The effects of exercise training could be explained in part by the residual effect of the last session of exercise, but it could also be explained by long-term up-regulation, induced by training, of the number and function of the glucose transporters; capillary proliferation; and the number of IIa (red glycolytic) fibers, which have a higher GLUT-4 protein content and are more insulin-responsive.
In addition to insulin-mediated glucose uptake, contraction of muscle may lead to up-regulation and translocation of GLUT-4; independent of insulin.VEGF, or Vascular Endothelial Growth Factor, produces angiogenesis (capillary proliferation) in the skeletal muscle and is released in response to aerobic exercise. The researchers found that when insulin levels were controlled in these knockout mice they had a harder time regulating their blood plasma glucose levels. The researchers concluded that VEGF increases insulin sensitivity and glucose uptake in skeletal muscle.
Many authors suggest that increased muscle blood volume and capillary surface area for the delivery of insulin and glucose to skeletal muscle fibers may help regulate hyperinsulinemia. Increase in muscle mass with exercise may be another factor for utilization of glucose.
This information includes these findings: 1) the increase in sensitivity is not just to insulin but also to stimulation of glucose transport by the contraction/hypoxia pathway; 2) the increase in sensitivity is mediated by translocation of more GLUT4 to the cell surface in response to a submaximal stimulus; 3) it requires the presence of serum during the period of stimulation by contractions, hypoxia, or AICAR; 4) the increase in sensitivity does not require protein synthesis; and 5) up-regulation of lipid metabolism, leading to decreased toxic effect of fatty acid intermediates.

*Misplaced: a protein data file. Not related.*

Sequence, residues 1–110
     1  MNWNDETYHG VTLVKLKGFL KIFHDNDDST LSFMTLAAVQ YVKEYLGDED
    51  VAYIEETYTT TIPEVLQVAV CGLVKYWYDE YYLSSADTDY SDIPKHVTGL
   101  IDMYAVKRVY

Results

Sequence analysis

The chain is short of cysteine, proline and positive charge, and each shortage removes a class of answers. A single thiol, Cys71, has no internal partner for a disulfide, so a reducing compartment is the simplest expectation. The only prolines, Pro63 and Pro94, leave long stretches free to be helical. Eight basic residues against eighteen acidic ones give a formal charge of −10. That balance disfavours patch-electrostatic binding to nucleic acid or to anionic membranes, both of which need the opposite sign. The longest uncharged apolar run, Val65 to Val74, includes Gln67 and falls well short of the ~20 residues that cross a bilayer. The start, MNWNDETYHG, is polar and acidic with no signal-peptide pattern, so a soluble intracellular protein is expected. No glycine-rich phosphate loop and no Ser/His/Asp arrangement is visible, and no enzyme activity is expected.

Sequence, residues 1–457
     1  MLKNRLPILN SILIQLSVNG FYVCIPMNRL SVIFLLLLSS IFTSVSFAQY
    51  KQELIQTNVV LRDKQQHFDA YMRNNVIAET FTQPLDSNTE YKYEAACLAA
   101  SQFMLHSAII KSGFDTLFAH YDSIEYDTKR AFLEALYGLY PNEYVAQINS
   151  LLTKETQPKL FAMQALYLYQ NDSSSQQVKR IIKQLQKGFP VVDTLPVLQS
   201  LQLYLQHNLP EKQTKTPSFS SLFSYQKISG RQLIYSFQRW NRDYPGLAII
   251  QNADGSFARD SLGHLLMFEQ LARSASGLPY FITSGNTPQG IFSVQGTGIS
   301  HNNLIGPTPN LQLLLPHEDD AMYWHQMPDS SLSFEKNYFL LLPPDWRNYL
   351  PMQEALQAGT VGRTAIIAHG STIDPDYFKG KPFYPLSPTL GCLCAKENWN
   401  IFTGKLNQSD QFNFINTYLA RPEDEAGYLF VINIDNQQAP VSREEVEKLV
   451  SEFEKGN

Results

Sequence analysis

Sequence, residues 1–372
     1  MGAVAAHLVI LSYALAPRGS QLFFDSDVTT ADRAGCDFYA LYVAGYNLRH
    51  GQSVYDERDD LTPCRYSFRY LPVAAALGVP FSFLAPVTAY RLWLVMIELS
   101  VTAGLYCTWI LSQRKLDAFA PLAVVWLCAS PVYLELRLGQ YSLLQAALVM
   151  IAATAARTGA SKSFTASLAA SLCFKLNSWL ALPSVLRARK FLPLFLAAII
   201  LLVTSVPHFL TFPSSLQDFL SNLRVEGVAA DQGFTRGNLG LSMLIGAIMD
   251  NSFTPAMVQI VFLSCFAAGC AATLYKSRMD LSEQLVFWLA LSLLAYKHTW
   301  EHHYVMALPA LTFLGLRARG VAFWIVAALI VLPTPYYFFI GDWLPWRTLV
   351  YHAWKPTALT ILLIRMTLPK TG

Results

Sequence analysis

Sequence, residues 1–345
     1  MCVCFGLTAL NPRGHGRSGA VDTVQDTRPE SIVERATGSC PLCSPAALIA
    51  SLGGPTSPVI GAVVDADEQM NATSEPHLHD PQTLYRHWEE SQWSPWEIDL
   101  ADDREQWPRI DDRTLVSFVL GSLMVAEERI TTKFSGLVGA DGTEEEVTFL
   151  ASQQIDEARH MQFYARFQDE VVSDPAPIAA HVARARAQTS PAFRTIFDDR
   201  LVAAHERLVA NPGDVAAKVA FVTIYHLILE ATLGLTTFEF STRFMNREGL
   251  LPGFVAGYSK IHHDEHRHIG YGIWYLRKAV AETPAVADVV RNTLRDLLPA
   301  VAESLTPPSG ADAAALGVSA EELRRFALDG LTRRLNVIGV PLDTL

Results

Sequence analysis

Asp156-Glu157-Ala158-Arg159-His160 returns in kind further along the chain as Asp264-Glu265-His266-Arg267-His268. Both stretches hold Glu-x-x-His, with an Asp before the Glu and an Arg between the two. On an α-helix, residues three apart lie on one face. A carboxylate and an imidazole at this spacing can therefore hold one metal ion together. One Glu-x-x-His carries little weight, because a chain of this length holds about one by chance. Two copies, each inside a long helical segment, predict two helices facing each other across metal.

|Exercise/Contraction/Hypoxia (Photo credit: Wikipedia)|
Consider these general guidelines relative to your blood sugar level before starting Exercise — measured in milligrams per deciliter (mg/dL) or millimoles per liter (mmol/L).
- 100 to 250 mg/dL (5.6 to 13.9 mmol/L). You're good to go. For most people, this is a safe pre-exercise blood sugar range.
- 250 mg/dL (13.9 mmol/L) or higher. This is a caution zone. Before exercising, test your urine for ketones — substances made when your body breaks down fat for energy. Excess ketones indicate that your body doesn't have enough insulin to control your blood sugar. If you exercise when you have a high level of ketones, you risk ketoacidosis — a serious complication of diabetes that needs immediate treatment. Instead, wait to exercise until your test kit indicates a low level of ketones in your urine.
mg/dL (16.7 mmol/L) or higher.
Your blood sugar may be too high to exercise safely, putting you at
risk of ketoacidosis. Postpone your workout until your blood sugar
drops to a safe pre-exercise range.
While it is obvious that exercise controls diabetes, it is interesting to know how exercise accomplishes this. It is likely that there are many more other mechanisms not mentioned here because the medical community.